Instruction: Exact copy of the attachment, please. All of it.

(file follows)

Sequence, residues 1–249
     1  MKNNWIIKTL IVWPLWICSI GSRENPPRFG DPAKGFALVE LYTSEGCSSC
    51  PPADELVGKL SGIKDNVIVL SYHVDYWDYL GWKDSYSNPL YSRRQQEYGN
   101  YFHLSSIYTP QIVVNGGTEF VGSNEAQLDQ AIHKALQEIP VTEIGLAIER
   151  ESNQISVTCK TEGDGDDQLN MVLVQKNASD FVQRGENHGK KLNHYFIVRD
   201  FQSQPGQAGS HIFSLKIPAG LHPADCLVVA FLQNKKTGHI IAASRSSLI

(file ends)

Sequence, residues 1–249
     1  MKNNWIIKTL IVWPLWICSI GSRENPPRFG DPAKGFALVE LYTSEGCSSC
    51  PPADELVGKL SGIKDNVIVL SYHVDYWDYL GWKDSYSNPL YSRRQQEYGN
   101  YFHLSSIYTP QIVVNGGTEF VGSNEAQLDQ AIHKALQEIP VTEIGLAIER
   151  ESNQISVTCK TEGDGDDQLN MVLVQKNASD FVQRGENHGK KLNHYFIVRD
   201  FQSQPGQAGS HIFSLKIPAG LHPADCLVVA FLQNKKTGHI IAASRSSLI